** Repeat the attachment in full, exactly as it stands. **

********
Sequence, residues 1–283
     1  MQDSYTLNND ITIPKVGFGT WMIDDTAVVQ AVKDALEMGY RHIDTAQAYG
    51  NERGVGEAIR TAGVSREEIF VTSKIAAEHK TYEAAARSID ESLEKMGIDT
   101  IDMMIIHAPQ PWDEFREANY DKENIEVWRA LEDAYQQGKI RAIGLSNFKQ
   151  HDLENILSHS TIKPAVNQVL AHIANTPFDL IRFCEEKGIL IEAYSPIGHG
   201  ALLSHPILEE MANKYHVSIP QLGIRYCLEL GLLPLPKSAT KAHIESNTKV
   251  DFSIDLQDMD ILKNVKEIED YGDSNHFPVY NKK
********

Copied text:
Sequence, residues 1–283
     1  MQDSYTLNND ITIPKVGFGT WMIDDTAVVQ AVKDALEMGY RHIDTAQAYG
    51  NERGVGEAIR TAGVSREEIF VTSKIAAEHK TYEAAARSID ESLEKMGIDT
   101  IDMMIIHAPQ PWDEFREANY DKENIEVWRA LEDAYQQGKI RAIGLSNFKQ
   151  HDLENILSHS TIKPAVNQVL AHIANTPFDL IRFCEEKGIL IEAYSPIGHG
   201  ALLSHPILEE MANKYHVSIP QLGIRYCLEL GLLPLPKSAT KAHIESNTKV
   251  DFSIDLQDMD ILKNVKEIED YGDSNHFPVY NKK